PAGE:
Fermented garlic honey might sound unusual, but it’s a really simple way to amp up your next vinaigrette or marinade while reaping the health benefits of both the honey and the garlic. Five minutes of prep and a couple of weeks of patience is all it takes to make this recipe.
Please read the entire post for tips and tricks to ensure a perfect recipe every time. And don't forget to tag @peelwithzeal on Instagram so we can admire your creation!
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As we cook at home more often, I am always looking for ways to make the food interesting. I mean, how much plain steamed broccoli can one woman eat? No, seriously... how much? Am I there yet? Plus, when winter is approaching and anything to boost my immune system is a bonus.
Honey fermented garlic is a quintessential example of food as medicine. Garlic is an excellent immunity booster, and honey is a soothing sweetener for sore throats and can be as effective as cough medicine.
Fermented garlic softens to texture and flavor somewhere between raw garlic and roasted, yet still firm enough to chop. The garlic's harsh flavor gives way to sweet, pungent aromas.
Now, some people may suggest that you eat a clove a day to boost that immunity. By all means, please give it a try if that’s your thing. I love fermented garlic, but a spoonful of pure garlic, fermented or not, does not help the medicine go down.
How to Use Fermented Garlic Honey
There is an endless amount of ways to honey fermented garlic. So there a list, just to get your creative juices flowing.
- Chop the garlic cloves up and add to a vinaigrette.
- Drizzled over spicy pepperoni pizza.
- Added to marinades in place of raw honey.
- Drizzled over grilled meats, especially anything with lemongrass or ginger in the marinade.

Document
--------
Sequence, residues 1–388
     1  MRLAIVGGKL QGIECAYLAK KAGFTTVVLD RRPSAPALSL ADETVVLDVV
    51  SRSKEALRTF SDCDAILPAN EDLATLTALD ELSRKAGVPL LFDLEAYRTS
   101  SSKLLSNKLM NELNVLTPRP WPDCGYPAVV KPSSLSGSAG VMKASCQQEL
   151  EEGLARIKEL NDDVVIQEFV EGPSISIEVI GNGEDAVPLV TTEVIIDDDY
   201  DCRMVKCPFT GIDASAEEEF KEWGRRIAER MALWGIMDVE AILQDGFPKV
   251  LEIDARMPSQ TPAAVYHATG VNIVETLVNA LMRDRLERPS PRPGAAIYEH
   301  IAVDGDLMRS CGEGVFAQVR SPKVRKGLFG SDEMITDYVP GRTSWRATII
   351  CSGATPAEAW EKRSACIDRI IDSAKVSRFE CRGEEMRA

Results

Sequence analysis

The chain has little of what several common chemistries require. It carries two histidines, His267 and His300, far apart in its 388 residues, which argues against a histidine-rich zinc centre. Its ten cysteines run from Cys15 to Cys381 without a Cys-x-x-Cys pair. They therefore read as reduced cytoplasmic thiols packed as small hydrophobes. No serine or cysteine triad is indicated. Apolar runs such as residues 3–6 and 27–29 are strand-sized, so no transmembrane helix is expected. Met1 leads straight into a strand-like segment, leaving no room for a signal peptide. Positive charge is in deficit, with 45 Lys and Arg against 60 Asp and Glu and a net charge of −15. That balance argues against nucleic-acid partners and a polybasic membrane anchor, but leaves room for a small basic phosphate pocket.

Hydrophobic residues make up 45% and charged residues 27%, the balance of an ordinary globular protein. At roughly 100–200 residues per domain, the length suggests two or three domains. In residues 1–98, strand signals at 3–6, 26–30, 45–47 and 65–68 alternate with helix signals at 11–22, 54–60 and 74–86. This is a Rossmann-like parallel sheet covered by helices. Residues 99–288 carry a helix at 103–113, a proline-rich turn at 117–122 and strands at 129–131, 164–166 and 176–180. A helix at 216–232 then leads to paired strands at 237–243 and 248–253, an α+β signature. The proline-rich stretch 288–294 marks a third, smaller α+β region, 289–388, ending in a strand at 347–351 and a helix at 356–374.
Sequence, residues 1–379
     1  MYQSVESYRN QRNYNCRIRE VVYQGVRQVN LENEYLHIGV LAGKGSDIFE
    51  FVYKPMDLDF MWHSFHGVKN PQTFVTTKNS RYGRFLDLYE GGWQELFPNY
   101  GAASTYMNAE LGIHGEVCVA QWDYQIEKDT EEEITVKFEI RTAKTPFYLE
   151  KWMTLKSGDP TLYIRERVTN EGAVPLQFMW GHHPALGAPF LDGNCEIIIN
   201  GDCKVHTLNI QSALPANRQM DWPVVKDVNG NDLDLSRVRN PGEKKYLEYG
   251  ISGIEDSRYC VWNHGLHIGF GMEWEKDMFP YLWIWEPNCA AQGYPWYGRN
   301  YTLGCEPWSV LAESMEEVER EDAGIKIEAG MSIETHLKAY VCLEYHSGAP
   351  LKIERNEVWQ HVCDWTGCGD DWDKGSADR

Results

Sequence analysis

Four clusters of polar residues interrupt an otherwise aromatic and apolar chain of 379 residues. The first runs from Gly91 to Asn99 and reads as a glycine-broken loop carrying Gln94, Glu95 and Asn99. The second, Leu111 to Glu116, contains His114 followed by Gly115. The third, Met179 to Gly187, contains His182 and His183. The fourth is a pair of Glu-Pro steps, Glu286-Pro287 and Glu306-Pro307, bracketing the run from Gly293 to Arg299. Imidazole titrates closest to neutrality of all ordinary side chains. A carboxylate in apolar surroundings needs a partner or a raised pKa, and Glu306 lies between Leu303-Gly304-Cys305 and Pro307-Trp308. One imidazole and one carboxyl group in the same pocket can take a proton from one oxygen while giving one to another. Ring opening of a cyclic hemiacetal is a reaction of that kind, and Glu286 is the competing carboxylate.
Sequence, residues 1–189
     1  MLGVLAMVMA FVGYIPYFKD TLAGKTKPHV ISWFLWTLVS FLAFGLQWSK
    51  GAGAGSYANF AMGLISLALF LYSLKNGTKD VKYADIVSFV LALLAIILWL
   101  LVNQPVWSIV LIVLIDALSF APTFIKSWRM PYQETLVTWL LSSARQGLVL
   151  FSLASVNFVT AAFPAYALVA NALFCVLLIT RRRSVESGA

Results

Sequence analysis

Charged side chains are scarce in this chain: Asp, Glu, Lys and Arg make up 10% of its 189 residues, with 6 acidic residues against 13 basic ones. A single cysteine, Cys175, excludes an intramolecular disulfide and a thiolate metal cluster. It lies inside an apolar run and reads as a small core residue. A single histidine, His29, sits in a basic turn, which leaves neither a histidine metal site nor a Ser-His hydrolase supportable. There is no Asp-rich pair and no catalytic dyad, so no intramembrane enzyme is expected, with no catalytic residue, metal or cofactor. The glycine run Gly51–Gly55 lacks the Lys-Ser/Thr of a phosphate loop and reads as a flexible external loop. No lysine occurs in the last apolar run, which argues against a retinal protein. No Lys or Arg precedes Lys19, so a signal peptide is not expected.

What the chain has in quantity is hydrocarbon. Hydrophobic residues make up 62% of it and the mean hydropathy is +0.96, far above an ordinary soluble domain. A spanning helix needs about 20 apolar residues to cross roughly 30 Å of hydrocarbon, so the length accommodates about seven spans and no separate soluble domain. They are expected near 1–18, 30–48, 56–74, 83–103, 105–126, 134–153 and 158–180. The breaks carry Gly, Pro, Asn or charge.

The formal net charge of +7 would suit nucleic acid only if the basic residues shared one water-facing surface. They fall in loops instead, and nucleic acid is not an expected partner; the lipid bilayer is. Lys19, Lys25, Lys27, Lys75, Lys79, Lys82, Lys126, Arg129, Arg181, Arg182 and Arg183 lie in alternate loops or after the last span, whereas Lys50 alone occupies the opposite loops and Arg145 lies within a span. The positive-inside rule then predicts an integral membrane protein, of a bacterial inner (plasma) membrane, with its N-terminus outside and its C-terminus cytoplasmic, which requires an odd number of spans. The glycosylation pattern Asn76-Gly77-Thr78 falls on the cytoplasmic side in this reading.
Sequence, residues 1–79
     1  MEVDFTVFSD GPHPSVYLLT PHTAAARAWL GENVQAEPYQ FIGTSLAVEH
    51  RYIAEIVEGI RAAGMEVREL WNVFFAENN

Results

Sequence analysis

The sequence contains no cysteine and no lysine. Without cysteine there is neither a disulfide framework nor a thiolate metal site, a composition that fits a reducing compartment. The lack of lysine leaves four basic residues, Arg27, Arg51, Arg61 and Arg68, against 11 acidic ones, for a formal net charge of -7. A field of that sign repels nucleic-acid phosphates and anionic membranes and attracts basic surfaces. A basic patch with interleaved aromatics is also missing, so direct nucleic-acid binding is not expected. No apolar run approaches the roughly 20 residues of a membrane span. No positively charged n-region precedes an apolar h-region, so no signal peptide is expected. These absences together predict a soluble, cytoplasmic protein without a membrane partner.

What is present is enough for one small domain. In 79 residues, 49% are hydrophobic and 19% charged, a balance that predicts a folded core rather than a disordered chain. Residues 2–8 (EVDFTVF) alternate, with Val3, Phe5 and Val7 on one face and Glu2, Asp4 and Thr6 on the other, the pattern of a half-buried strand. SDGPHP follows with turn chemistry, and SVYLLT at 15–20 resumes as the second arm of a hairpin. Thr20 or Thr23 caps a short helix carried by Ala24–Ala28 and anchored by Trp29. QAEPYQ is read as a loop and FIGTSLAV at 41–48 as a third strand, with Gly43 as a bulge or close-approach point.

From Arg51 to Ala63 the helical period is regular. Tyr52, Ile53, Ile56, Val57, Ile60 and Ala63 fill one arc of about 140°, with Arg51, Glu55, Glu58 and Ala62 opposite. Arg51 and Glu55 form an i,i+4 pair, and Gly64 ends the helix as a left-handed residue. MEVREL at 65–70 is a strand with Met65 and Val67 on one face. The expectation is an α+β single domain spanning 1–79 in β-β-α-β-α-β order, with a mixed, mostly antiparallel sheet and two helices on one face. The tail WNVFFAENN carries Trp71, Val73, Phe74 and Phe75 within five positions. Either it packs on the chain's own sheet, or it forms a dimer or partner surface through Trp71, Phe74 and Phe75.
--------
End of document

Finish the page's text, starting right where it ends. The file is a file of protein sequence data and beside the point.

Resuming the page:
- As a natural cold remedy or cough suppressant.
- Spooned onto cornbread or biscuits.
- As a dip for fried chicken tenders.
Here are a few Peel with Zeal recipes that we recommend substituting this fermented garlic honey recipe for traditional raw honey:
How to Make Fermented Garlic Honey
So, let's get started... put everything in the jar... wait a month. Yep, that is about all it takes to make fermented garlic honey. I know – you were expecting something way more dramatic.
We can break it down into a little more detail. First, peel your garlic and place in a clean glass jar. I once threw the garlic into a vat honey. Bad idea, garlic floats. So you are best off add the garlic first.
You can use a regular jar and lid, but you must remember to burp the jar every few days to release the gases created by the fermentation process.
You can purchase the pipe and weights as a package deal here.
After a few days, check to ensure the weight is holding down all the garlic and the honey is starting to bubble, this indicates that fermentation is starting. If you are not using a weight you will need to either flip the jar every other day or use a spoon to push the garlic back to the bottom of the jar.
It should take about a month to fully ferment but I typically start using the garlic and the honey after about 2 weeks.
After the month is up the garlic should not longer float the honey will darken in color. At that point, you can remove the pipe and weight and use a regular lid.
The fermented garlic honey can be store at room temperature for up to a year.
Fermented Garlic Honey
- garlic, peeled
- raw local honey
- wide mouth mason jars
- Masontops weight and pickle pipe, optional
- Place garlic in a clean, dry mason jar and leave a good amount of headspace – things are going to get frothy and the bubbles need room to expand.
- Cover your garlic with honey without infringing on that headspace.
- Add weight to keep garlic submerged and install your pickle pipe.
- Set in a cool, dark place for four weeks, but do check on it to ensure the garlic stays submerged.
- For the large jar in the photo, we used six bulbs of garlic and two cups of honey. Be sure your honey is raw and local is always best!
- If you don't have a pickle pipe, you can use a regular lid. Just be sure to burp the jar every few days and push the garlic down. See blog posts for more details.